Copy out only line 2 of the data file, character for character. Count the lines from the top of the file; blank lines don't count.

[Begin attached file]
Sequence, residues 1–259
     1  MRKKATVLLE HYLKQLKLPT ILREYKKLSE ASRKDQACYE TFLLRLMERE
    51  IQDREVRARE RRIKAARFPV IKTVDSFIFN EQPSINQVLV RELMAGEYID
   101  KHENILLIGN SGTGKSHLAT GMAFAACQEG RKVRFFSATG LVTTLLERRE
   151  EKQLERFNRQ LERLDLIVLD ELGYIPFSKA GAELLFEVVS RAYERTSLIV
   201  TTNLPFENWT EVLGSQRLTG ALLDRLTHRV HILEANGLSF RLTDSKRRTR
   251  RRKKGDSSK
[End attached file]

     1  MRKKATVLLE HYLKQLKLPT ILREYKKLSE ASRKDQACYE TFLLRLMERE